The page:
“They shouldn’t get a mark-up because they haven’t done any work,” Thiel says.
With provinces scrambling to lock down their borders in light of the Comeau decision, Thiel likens the situation to “10 distinct countries in our federation from an agricultural point of view.”
He says the biggest beneficiary of all this will be exporters of wine to Canada. “We’re the easiest market in the world to sell wine into,” Thiel says. “We have 10 points of contact for alcohol sales.”
What are the next steps to
freeing the grapes in Canada?
Wines In Niagara had four burning questions for Okanagan Crush Pad owner Christine Coletta on what the next steps are in the wake of the Comeau decision.
Wines In Niagara: Where do Canadian wineries go from here? Many, like you, say they will continue to ship wine to anyone who wants it. What happens when/if the next shoe drops and measures take place to make it illegal to use Canada Post or shipping companies to move product to consumers out of province?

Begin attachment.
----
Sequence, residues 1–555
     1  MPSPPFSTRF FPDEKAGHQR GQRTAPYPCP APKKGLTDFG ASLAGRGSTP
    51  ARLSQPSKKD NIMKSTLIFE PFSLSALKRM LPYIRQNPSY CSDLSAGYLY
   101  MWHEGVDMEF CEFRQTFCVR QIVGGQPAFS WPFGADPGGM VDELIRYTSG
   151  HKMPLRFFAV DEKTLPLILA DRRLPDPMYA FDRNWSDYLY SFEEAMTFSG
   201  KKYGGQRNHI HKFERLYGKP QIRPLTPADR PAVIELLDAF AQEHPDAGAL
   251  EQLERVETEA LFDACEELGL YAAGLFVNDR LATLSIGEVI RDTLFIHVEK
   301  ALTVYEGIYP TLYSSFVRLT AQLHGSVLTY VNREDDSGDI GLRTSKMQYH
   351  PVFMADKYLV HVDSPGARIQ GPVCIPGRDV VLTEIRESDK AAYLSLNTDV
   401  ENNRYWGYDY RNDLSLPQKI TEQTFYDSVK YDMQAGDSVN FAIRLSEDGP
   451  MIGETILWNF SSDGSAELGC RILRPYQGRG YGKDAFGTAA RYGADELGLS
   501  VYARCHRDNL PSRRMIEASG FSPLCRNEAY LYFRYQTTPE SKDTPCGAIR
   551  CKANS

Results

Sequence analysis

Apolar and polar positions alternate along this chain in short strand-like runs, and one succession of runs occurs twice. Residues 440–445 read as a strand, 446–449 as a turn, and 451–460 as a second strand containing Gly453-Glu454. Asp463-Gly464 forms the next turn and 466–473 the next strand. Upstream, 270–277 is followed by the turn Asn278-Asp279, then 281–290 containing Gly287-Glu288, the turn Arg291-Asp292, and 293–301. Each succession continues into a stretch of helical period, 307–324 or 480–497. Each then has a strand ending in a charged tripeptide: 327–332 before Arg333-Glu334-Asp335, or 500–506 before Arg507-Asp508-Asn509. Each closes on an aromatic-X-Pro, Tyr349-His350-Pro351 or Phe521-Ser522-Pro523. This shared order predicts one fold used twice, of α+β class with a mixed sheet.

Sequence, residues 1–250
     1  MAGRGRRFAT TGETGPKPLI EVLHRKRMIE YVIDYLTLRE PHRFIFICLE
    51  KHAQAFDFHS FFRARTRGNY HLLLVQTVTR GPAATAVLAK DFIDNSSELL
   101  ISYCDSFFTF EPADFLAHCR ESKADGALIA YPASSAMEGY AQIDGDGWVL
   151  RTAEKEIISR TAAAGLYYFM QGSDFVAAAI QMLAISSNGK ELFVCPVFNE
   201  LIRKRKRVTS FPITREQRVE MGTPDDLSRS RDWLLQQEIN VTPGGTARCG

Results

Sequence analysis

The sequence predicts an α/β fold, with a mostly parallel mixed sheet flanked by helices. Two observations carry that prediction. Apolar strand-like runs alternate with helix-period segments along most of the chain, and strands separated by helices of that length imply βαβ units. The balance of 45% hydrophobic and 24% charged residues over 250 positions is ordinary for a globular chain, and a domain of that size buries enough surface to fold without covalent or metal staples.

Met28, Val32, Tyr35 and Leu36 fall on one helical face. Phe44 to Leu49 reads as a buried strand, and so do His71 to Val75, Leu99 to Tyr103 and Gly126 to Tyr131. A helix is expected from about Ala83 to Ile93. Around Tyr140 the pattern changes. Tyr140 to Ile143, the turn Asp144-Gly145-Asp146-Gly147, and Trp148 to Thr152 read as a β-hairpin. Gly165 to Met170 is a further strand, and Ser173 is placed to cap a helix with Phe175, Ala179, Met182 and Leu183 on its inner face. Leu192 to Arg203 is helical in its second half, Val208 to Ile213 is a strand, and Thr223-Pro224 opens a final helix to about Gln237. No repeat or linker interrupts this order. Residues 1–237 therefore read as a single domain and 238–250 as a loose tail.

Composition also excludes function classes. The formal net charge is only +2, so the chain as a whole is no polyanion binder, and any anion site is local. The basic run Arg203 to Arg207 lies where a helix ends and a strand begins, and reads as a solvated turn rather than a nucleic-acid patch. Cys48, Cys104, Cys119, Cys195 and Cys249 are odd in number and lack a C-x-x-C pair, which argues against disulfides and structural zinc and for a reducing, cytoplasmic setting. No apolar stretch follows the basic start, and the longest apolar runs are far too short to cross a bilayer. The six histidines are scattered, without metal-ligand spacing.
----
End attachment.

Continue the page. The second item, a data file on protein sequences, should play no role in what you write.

Christine Coletta: We continue to direct ship. Most of us have been doing it for years and will continue to. Before the next shoe drops, we need to work with politicians to effect change. An example would be if B.C. and Ontario agreed to allow wineries in those two provinces to have the same privileges — (for example) DTC (direct to consumer) and DT on premise. National restaurant and hotel chains could offer an affordable Canadian wine list, consumers in each province could order directly. B.C. has allowed Ontario wineries DTC for a few years now and the world hasn’t ended.
WIN: What are the next steps? In your reaction statement you said there is a silver lining. For the life of me, I can’t see another protracted fight taking the issue back to the Supreme Court. So, where to go from here?
CC: The silver lining is that in their ruling it was noted that tariffs or tariffs like barriers that disadvantage one manufacturer over another in any protectionist manner is not acceptable. So, for example, if B.C. wineries are allowed to direct ship to restaurants, Nova Scotia and Ontario wineries should be able to as well.